Regional News

Judges to travel to Angola for arguments

June 14, 2011
IL Staff
A panel of Indiana Court of Appeals judges will hear arguments in a contempt of court case Wednesday in northeast Indiana.
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Disconnect between immigrants and the law leads to confusion

June 8, 2011
Jenny Montgomery
After chatting with a colleague, Marion County Deputy Prosecutor Andrew Fogle decided something needed to be done about the relationship between immigrants and law enforcement.
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Family law attorney dies after battle with cancer

June 8, 2011
IL Staff
Attorney Stephenie Sutliff Jocham, a founder of Carmel firm Jocham Harden Dimick Jackson, died June 2 following a battle with cancer.
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Clark judges sue over budget cuts

June 8, 2011
Michael Hoskins
Clark Circuit and Superior judges have filed lawsuits against county officials over proposed budget cuts, restarting the kind of litigation that four years ago led to the Indiana Supreme Court’s urging that trial judges work with and share in the financial decision-making process rather than resorting to judicial mandates.
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ISBA president opens new firm

June 8, 2011
Jenny Montgomery
After nearly 10 years working for a nationally known law firm in Terre Haute, Jeffry Lind, president of the Indiana State Bar Association, has opened his own practice.
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7th Circuit: Indiana judge violated man's Sixth Amendment right to counsel

May 23, 2011
Michael Hoskins
An appellate court has ruled that a senior judge in the Northern District of Indiana violated a man’s Sixth Amendment rights by not allowing him to proceed to trial with the lawyer of his choosing.
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Poseyville middle school students to compete in national civics event

May 23, 2011
IL Staff
Middle school students from North Posey Junior High School will compete in the National Project Citizen Showcase in August, after winning the state competition on May 17.
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ISBA conference registration deadline extended

May 20, 2011
IL Staff
The Indiana State Bar Association has extended the early bird registration deadline for its Solo & Small Firm Conference to May 23.
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COA to hear arguments in trademark case at Merrillville High School

May 20, 2011
Jenny Montgomery
The Indiana Court of Appeals will hear oral argument in An-Hung Yao v. State of Indiana and Yu-Ting Lin v. State of Indiana at 12:30 p.m. (CDT) May 25, 2011, at Merrillville High School in the Freshman Center Lecture Hall. A panel of judges consisting of Chief Judge Margret G. Robb, Judge Michael P. Barnes, and Judge Terry A. Crone will hear the case on appeal from Huntington Circuit Court.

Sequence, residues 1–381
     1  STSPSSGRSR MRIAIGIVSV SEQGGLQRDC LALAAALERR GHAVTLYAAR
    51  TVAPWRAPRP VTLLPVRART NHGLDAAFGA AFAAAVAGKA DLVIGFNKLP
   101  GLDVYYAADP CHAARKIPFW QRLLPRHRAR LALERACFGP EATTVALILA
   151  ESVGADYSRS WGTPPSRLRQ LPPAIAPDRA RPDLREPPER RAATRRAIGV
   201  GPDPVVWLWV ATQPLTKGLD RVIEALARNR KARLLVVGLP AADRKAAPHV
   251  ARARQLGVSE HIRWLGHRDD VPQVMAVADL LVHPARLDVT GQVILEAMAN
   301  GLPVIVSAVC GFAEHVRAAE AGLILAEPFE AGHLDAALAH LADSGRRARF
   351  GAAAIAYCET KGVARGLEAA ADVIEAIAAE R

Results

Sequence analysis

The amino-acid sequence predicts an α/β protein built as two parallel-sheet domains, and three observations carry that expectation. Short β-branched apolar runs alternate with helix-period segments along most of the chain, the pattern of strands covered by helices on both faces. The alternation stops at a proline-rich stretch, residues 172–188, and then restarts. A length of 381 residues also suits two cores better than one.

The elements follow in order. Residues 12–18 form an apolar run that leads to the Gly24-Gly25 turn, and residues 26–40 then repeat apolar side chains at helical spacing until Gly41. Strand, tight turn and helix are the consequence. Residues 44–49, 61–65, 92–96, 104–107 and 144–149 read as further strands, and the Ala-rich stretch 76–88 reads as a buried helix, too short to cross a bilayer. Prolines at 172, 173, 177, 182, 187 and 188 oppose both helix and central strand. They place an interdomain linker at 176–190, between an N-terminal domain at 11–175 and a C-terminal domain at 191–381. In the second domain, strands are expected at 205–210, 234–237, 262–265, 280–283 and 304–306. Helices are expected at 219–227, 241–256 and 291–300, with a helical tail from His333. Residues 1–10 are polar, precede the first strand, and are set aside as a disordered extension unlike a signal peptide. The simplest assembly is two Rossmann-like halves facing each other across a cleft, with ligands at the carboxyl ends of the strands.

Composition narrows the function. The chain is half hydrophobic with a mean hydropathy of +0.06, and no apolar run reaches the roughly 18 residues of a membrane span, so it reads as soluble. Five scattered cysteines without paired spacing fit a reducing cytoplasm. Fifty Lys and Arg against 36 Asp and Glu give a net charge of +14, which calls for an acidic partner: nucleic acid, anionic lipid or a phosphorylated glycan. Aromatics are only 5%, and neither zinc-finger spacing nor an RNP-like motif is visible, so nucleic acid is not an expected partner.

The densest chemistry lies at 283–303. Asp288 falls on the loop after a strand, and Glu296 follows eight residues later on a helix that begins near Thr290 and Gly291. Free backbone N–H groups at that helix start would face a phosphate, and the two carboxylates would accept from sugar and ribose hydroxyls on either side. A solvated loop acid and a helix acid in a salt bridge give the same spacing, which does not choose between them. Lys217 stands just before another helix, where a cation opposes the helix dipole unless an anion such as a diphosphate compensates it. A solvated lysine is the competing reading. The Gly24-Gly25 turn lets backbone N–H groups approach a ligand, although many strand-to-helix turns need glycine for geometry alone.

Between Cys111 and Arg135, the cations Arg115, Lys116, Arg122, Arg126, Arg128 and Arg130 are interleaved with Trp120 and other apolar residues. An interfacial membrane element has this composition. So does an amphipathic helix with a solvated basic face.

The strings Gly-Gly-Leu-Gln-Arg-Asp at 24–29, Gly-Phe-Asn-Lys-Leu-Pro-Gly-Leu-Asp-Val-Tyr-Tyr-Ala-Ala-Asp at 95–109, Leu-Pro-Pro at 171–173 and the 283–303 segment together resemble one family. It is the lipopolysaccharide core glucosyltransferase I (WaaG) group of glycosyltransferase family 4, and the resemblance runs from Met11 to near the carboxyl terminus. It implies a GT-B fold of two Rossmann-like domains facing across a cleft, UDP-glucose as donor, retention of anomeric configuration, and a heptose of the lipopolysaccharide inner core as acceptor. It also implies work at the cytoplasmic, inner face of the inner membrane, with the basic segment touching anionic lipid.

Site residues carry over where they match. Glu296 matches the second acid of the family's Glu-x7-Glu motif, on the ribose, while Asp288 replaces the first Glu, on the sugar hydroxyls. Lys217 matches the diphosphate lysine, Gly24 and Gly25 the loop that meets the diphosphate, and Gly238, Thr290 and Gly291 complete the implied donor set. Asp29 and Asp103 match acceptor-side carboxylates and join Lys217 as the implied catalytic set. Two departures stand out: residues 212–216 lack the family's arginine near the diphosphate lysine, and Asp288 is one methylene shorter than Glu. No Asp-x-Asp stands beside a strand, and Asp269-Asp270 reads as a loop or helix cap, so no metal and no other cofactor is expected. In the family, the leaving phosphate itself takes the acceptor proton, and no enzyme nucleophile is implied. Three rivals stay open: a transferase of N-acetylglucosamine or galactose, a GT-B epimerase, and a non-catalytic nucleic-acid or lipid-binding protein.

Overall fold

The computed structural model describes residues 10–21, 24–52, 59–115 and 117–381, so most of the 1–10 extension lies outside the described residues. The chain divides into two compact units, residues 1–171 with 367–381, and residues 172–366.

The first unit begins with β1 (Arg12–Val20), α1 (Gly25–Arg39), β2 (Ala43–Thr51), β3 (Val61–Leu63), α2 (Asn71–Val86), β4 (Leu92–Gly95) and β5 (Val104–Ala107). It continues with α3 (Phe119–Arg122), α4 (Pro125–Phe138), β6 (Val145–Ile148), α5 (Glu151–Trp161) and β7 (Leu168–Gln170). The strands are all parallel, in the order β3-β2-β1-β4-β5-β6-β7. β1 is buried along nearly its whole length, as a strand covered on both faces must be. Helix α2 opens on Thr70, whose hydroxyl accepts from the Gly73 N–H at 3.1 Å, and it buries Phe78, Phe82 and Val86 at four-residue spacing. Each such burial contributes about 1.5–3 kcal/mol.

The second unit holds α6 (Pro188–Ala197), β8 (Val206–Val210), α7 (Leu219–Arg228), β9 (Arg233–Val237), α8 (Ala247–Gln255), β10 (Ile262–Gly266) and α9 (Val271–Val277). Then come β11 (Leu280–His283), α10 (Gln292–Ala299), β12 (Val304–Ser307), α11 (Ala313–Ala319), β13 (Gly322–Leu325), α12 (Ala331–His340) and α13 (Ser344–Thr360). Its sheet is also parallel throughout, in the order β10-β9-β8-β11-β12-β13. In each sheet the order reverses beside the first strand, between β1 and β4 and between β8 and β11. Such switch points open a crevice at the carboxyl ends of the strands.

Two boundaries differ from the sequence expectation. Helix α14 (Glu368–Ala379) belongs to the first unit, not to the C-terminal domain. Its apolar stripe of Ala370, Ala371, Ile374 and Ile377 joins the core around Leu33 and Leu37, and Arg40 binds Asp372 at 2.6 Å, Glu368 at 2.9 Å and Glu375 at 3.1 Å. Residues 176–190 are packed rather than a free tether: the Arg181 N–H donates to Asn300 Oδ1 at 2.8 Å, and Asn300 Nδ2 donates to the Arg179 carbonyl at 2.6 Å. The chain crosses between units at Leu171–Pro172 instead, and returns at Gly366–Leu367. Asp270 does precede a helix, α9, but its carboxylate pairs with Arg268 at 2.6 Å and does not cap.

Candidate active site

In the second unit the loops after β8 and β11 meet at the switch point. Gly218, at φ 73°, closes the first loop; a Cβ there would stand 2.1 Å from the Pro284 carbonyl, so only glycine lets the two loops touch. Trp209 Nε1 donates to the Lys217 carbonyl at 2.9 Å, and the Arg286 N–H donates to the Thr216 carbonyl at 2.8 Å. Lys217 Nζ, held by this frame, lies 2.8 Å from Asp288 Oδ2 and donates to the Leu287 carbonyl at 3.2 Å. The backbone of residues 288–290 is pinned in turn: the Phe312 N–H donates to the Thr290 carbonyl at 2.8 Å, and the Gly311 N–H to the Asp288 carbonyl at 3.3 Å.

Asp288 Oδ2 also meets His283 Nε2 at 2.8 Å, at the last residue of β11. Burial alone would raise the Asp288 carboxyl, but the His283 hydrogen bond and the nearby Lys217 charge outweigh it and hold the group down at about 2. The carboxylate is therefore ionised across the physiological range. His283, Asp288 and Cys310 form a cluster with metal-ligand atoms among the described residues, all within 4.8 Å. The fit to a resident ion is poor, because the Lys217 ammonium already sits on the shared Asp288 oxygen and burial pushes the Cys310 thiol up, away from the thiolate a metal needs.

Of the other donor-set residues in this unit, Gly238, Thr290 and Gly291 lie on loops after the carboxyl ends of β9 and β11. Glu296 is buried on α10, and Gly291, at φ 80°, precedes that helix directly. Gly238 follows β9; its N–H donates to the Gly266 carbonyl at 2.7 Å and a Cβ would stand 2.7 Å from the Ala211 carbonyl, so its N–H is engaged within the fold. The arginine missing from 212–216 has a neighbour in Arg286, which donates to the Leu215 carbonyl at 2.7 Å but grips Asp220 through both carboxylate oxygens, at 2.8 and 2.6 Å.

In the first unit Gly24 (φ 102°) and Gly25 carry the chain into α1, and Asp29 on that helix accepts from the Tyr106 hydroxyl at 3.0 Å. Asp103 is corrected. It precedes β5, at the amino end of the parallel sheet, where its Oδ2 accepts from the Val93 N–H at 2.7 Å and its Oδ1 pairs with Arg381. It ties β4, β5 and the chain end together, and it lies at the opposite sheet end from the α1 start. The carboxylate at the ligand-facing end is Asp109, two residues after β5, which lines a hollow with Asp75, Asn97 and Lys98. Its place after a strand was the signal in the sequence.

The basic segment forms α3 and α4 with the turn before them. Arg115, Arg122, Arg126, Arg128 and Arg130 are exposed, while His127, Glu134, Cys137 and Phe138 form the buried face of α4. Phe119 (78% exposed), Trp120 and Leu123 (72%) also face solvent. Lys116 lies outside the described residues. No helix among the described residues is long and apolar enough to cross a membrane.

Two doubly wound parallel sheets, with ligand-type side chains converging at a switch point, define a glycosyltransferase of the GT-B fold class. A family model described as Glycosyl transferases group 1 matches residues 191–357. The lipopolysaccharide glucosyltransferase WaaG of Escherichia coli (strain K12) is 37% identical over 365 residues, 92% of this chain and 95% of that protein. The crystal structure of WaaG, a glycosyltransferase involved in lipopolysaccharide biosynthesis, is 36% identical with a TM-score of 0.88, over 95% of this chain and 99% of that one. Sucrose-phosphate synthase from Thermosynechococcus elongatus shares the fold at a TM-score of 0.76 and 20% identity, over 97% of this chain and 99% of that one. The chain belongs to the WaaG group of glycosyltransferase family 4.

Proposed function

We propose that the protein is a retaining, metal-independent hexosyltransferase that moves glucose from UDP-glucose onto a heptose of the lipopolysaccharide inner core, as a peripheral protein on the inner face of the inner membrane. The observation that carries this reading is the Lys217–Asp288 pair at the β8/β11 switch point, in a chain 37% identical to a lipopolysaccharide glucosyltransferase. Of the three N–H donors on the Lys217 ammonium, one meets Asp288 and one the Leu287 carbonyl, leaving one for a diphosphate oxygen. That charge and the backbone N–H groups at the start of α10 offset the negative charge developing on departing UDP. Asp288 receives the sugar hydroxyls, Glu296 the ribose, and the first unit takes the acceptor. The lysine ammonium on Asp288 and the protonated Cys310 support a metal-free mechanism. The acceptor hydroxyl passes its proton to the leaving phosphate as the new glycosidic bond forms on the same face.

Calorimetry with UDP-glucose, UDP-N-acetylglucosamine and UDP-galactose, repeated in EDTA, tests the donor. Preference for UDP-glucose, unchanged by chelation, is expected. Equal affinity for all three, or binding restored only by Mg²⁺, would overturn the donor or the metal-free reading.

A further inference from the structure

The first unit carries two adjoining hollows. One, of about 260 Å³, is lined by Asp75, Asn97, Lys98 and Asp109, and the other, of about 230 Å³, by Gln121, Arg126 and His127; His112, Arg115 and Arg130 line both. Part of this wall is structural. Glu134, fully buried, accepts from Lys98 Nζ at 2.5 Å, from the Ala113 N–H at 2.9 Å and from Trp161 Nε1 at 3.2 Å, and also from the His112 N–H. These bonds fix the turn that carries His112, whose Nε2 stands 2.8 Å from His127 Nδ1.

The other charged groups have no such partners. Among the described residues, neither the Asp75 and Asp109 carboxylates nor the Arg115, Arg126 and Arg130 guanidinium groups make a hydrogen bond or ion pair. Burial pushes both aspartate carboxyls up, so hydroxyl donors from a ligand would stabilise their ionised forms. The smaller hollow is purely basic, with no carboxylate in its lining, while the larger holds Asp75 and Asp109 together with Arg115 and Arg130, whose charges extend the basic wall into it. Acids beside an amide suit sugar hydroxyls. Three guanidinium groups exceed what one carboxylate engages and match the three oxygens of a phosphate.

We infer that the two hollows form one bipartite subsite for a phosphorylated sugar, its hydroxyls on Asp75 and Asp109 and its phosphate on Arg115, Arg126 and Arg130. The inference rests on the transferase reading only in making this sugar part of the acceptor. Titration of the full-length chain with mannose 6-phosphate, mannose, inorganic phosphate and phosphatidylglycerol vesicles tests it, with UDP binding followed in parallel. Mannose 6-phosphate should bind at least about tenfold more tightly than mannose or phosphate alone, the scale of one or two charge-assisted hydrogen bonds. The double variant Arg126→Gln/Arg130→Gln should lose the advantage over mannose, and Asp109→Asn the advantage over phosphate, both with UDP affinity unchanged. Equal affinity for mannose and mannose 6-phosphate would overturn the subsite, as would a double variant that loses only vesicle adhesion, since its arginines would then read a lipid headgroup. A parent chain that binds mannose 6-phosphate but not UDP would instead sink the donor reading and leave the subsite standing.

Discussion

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COA: Tractor sale contract not enforceable

May 19, 2011
Michael Hoskins
The Indiana Court of Appeals says it’s against public policy to uphold any civil contract that’s based on an illegal action, and so the court says it won’t create a rule allowing that transaction agreement to be enforced.
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Justices decide golf ball injury case

May 19, 2011
Michael Hoskins
Taking a swing at an issue of first impression, the Indiana Supreme Court has ruled on a golf ball injury case and rejected the concept that a sporting event participant owes no duty of care to protect others from inherent risks of the sport in all situations.
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Justices suspend former judge for misconduct

May 19, 2011
Michael Hoskins
The Indiana Supreme Court has suspended a northwest Indiana attorney for helping a litigant whose cases he’d presided over more than a decade ago when he was a Jasper Superior judge.
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Lawyer sentenced for theft, corrupt business practice

May 16, 2011
Jennifer Nelson
A northeast Indiana attorney who pleaded guilty to stealing from his clients has been sentenced to 11 years in prison, with five and one-half of those years suspended to active probation.
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Indiana Tech plans to open law school in 2013

May 16, 2011
IL Staff
Indiana may soon have a fifth law school. Indiana Tech’s Board of Trustees voted May 13 to move forward with establishing a law school in Fort Wayne.
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Disciplinary charges filed against Hamilton County judge

May 13, 2011
Jennifer Nelson
The Indiana Commission on Judicial Qualifications has filed disciplinary charges against Hamilton Superior Judge William Hughes. The charges are related to the judge’s arrest for driving while impaired and later guilty plea to misdemeanor reckless driving in North Carolina.
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Perry County only preferred venue for wage suit

May 12, 2011
Jennifer Nelson
In an issue with no clear precedent regarding statutory interpretation with respect to the Wage Claims Act, the Indiana Court of Appeals concluded that a trial court didn’t err in concluding Perry County was the proper venue for a suit filed by the Commissioner of Labor under the act.
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Justices divided on whether case should be before Tax Court

May 12, 2011
Jennifer Nelson
The Indiana Supreme Court split Thursday on whether the attorney general’s attempt to recover an erroneously issued “tax refund” to a company should proceed in state court or in the Indiana Tax Court.
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Governor signs courts, judicial age bills

May 11, 2011
IL Staff
Gov. Mitch Daniels has signed into law changes to various courts around the state, as well as the legislation that removes age restrictions of certain judges who run for office.
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Bills on courts, forfeiture before governor

May 11, 2011
Jennifer Nelson